The D.C. Council’s human services committee approved a bill last week that would make winter shelters more comfortable for the homeless.
Mary Cheh, a GW law professor who represents Ward 3 on the Council, helped introduce the legislation that would require rooms to have windows with shades, lights that can turn on and off and other amenities. The bill is now on its way to the full Council after securing approval from the committee that oversees welfare and social services.
The bill, called the Dignity for Homeless Families Amendment Act, comes as the number of homeless families is expected to increase 16 percent this winter, the Washington Post reported.
Drafted by Council member Jim Graham, the legislation would require all shelter rooms to have the same basic features like a ceiling, four walls and a door that locks. Families who receive temporary housing during freezing weather would live in shelter conditions that are insulated to block out sound and allow more privacy.
Last year, many D.C. shelters were at maximum capacity after a historically cold winter. The local government moved more than 800 children to hotels in February after a storm left the city covered in almost 10 inches of snow.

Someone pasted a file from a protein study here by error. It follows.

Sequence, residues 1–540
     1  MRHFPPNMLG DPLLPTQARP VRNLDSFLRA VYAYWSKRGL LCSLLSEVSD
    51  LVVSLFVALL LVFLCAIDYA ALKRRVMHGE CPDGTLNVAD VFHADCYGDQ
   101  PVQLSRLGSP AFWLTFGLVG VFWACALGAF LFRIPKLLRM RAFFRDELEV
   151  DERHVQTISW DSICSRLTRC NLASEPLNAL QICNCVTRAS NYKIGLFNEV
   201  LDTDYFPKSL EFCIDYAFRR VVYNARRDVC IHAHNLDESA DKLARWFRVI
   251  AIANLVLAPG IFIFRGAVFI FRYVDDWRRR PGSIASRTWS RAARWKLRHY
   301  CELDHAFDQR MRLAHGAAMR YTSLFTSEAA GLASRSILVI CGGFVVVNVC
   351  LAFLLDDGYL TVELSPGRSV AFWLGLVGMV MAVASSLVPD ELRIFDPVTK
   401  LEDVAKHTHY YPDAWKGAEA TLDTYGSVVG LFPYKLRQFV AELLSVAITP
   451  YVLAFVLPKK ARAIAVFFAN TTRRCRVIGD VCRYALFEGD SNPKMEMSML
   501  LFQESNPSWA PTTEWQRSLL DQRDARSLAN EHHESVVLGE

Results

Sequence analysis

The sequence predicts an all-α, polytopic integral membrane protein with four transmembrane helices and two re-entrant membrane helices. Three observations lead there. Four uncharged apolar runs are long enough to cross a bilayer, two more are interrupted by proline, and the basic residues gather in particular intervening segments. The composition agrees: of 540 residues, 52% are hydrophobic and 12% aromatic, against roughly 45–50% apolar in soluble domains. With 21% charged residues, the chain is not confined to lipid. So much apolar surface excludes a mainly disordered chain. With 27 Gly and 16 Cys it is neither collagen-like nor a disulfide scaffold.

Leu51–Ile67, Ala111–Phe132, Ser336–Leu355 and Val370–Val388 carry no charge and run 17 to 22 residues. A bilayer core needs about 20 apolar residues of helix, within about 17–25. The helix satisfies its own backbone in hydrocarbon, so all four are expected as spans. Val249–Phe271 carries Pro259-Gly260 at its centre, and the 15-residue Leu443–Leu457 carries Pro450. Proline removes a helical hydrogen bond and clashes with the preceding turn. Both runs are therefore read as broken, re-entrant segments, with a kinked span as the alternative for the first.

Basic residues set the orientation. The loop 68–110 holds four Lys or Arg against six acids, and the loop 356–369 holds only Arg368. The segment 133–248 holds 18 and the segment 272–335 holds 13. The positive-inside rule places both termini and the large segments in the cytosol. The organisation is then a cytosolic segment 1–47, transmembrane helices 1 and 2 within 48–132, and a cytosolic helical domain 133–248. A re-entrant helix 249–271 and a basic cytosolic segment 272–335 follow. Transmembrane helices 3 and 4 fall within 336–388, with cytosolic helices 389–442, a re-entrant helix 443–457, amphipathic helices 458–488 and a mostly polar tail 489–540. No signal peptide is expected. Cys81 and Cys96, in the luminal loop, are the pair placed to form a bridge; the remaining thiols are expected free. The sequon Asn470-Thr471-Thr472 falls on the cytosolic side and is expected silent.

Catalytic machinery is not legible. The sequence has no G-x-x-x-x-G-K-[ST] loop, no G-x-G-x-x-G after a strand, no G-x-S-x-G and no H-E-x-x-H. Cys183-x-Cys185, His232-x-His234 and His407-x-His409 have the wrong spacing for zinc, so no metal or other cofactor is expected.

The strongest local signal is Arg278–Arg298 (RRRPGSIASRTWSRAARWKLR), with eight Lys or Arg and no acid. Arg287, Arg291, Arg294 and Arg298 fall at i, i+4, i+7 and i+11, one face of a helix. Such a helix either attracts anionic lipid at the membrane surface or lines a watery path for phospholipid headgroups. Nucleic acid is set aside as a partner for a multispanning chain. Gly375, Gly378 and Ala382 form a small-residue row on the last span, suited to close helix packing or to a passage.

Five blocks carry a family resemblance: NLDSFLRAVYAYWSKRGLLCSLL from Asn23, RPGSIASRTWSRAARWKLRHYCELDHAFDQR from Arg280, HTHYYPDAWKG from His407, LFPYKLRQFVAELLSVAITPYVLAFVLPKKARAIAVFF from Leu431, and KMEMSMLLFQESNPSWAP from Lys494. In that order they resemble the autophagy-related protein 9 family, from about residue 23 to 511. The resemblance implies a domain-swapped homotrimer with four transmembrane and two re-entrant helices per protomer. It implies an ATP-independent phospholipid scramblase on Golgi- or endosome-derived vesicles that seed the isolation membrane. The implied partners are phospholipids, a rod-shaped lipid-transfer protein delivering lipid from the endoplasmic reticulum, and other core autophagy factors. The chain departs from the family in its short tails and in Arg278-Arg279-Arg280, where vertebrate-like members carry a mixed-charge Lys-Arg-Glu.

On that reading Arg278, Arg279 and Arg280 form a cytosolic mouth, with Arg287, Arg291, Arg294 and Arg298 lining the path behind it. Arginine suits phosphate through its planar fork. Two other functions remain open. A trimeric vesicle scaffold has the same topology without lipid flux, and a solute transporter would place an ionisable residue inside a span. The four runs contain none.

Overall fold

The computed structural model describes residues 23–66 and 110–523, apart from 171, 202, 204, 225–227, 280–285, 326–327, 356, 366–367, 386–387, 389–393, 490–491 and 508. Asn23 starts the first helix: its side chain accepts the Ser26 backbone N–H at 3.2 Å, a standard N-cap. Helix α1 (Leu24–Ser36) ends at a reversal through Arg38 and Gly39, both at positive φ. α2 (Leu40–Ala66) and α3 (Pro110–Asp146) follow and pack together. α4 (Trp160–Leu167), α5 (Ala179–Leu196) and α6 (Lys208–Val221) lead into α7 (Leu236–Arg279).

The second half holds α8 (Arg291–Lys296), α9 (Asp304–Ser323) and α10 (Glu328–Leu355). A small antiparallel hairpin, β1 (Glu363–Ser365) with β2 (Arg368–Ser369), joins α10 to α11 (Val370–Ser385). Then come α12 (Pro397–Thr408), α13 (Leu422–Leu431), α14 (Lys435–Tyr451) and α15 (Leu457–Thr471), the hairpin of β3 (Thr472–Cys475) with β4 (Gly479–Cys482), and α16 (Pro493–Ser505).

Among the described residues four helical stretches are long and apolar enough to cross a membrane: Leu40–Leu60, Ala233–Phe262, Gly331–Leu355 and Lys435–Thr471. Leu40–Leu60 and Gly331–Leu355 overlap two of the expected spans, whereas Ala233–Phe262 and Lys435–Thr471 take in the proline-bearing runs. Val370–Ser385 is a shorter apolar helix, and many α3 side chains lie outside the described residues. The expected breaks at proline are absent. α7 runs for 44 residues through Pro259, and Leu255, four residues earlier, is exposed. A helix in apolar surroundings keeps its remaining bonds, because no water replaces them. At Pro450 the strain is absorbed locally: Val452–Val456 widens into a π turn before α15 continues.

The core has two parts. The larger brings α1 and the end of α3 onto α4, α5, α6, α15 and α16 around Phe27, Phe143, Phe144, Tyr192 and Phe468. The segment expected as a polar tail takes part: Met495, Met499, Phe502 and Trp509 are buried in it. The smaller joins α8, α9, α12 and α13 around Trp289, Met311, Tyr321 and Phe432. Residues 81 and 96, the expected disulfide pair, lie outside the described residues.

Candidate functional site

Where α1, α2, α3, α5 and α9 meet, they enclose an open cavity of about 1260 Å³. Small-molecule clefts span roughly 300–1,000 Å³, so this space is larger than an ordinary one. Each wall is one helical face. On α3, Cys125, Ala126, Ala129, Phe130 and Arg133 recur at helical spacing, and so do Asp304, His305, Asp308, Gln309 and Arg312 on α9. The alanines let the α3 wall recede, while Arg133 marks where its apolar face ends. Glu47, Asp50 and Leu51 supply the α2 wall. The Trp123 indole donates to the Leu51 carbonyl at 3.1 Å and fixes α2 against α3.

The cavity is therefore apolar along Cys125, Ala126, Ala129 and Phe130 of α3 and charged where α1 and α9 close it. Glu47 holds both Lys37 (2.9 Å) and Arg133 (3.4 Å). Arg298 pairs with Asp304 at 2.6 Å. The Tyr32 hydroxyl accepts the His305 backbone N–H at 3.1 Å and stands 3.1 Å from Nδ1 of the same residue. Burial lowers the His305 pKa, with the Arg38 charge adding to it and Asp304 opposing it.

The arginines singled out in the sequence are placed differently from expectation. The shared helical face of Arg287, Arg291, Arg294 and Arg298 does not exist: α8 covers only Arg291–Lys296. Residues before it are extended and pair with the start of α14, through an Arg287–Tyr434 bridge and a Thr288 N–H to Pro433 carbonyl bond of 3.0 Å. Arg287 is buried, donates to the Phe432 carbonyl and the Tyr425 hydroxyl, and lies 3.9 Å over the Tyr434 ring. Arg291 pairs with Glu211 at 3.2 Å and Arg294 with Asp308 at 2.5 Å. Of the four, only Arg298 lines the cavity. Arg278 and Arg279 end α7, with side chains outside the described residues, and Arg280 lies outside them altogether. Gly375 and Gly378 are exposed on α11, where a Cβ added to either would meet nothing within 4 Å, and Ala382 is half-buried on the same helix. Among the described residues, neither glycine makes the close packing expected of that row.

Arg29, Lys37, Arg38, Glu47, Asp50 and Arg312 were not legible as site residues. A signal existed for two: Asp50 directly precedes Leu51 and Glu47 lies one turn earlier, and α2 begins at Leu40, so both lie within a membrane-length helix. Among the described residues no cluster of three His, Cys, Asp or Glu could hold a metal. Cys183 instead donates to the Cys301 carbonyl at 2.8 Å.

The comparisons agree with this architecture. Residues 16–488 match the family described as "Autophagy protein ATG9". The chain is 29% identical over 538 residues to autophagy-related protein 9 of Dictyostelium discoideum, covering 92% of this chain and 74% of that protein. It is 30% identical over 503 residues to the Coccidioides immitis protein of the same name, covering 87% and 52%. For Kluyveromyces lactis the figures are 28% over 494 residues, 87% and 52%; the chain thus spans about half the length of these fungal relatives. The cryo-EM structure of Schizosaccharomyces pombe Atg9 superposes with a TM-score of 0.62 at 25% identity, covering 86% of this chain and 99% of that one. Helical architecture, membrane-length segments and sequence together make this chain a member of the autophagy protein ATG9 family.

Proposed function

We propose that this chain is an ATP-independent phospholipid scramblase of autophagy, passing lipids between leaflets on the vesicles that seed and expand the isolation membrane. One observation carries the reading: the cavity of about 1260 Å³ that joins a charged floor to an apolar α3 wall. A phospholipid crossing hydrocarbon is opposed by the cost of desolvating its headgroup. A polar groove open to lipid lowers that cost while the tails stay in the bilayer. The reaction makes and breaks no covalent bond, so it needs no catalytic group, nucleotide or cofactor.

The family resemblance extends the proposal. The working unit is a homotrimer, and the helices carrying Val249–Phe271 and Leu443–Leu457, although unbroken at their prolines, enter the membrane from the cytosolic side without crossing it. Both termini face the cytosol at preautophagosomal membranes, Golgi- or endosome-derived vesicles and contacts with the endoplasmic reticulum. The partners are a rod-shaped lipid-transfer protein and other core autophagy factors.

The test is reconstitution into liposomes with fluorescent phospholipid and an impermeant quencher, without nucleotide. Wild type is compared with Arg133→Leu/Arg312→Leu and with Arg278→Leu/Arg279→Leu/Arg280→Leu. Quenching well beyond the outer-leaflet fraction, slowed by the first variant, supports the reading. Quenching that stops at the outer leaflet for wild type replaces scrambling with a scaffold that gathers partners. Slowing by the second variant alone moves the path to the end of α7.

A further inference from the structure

D.C. Mayor Vincent Gray announced a plan last week to close the homeless shelter in the former D.C. General Hospital within a year, the Washington Post reported, though advocates and lawyers have already cast doubt on his multi-million dollar idea. After 8-year-old Relisha Rudd, a resident of the shelter, disappeared in the spring, the government has looked to shut down the building troubled by alleged staff misconduct, sickness and violence, according to the Post’s investigation.
A preliminary report from the Capital Weather Gang found that D.C. could potentially be in for another cold and snowy winter.
Nearby shelters like Miriam’s Kitchen will be open to members of the homeless population this winter, but the West End Library, which acted as a warming shelter during last winter, is now closed for construction.
Robert Marbut, a consultant who assists cities in making plans to combat homelessness, said he has noticed a steady increase in homelessness in D.C. in the past few years, which he believes stems from “dysfunction” in the city government.
He said he thinks legislation like Cheh’s fails to focus on the three major causes of homelessness: mental health problems, substance abuse and lack of job readiness. He said just providing shelter to the homeless during freezing temperatures doesn’t go far enough.
“I don’t want to make light of the problem, but what we want to do is reduce homeless 365 days out of the year, not just the cold weather nights,” Marbut said.